Concerns have been expressed over the National Financial Aid Scheme’s (NSFAS) capacity to administer the new “missing middle” student loan, which it has now given students the green light to apply for.
NSFAS spokesperson Ishmael Mnisi said on Tuesday: “All the students who want to apply for the loan scheme can do so. They will be separated from those of the bursary. This means the financial aid eligibility criteria will be immediately used to determine if they do qualify for the loan. Guidelines have been approved by the board.”
He was responding to questions during the higher education academic year readiness briefing led by Minister Blade Nzimande.
News of this funding model first surfaced last year and last week Nzimande expressed the department’s readiness to implement the first phase, however, no dates were given regarding the application process, nor was it explained how it would work.
He said R3.8 billion has been set aside for the 2024 academic year to support the loan scheme.
The missing middle students are students who are not eligible for NSFAS funding under the current model, which restricts funding to households earning less than R350 000 a year.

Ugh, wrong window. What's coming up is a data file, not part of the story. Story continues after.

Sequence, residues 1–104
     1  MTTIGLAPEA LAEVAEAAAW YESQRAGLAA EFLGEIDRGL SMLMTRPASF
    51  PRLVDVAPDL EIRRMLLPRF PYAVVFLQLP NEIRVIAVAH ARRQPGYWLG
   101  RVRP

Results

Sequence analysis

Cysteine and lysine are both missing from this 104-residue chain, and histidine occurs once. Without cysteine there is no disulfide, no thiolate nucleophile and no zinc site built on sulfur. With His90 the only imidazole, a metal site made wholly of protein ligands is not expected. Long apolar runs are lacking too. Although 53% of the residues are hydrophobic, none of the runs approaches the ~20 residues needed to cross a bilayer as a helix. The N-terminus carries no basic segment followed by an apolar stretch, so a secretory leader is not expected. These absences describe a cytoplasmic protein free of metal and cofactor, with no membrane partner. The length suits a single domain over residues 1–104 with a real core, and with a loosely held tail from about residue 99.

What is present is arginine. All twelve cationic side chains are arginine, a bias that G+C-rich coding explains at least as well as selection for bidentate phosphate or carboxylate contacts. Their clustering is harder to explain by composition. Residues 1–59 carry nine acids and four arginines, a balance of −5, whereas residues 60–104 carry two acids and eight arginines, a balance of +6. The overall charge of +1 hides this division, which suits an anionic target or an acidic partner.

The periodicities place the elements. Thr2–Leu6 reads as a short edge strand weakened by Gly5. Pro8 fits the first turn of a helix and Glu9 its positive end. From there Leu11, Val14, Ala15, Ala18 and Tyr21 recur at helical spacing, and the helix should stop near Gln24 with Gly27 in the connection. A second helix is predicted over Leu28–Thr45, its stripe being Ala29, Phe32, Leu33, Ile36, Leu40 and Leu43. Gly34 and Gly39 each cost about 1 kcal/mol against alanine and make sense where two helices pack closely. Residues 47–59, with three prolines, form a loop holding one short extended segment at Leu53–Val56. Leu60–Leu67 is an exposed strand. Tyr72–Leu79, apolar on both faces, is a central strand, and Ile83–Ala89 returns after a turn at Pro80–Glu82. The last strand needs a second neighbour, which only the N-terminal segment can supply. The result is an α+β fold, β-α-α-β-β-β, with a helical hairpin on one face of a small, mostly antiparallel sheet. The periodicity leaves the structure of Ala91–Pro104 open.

The first phase is expected to fund 47%, or 31 884 of the estimated 68 446 missing middle students.
“This category of students are those who come from families who have a total income of more than R350 000, but not more than R600 000 per annum. NSFAS is currently developing the loan scheme eligibility criteria and conditions for funding to ensure that the scheme is implemented.
This loan scheme will be administered by NSFAS, which has the legal mandate to offer student loans,” said Nzimande.
He said students must apply using the entity’s current application process and ensure they sign the consent form to enable financial verification.
“All students rejected for financial eligibility will be re-assessed and reviewed for the missing middle loan. NSFAS is currently developing guidelines of the loan scheme and they will be communicated to the public in a week’s time,” he added.
The loan scheme will fund both undergraduate and postgraduate students with 70% of these being students in the science, technology, engineering and maths (Stem) programmes, and may be adjusted to include commercial programmes that are in demand in the labour market or entrepreneurial programmes.
Universities South Africa (Usaf) CEO Dr Phethiwe Matutu said for as long universities have not received the full details from NSFAS and the department on how to deal with students that are to get the loan, the status quo will remain.
“It will be ideal that universities get details ahead of the start of the academic year because also not all of the missing middle students will be funded at the same time. While we are not sure how NSFAS will administer this, there is a worry that the entity could be overwhelmed if it does everything by itself. I think that will be too much,” said Matutu.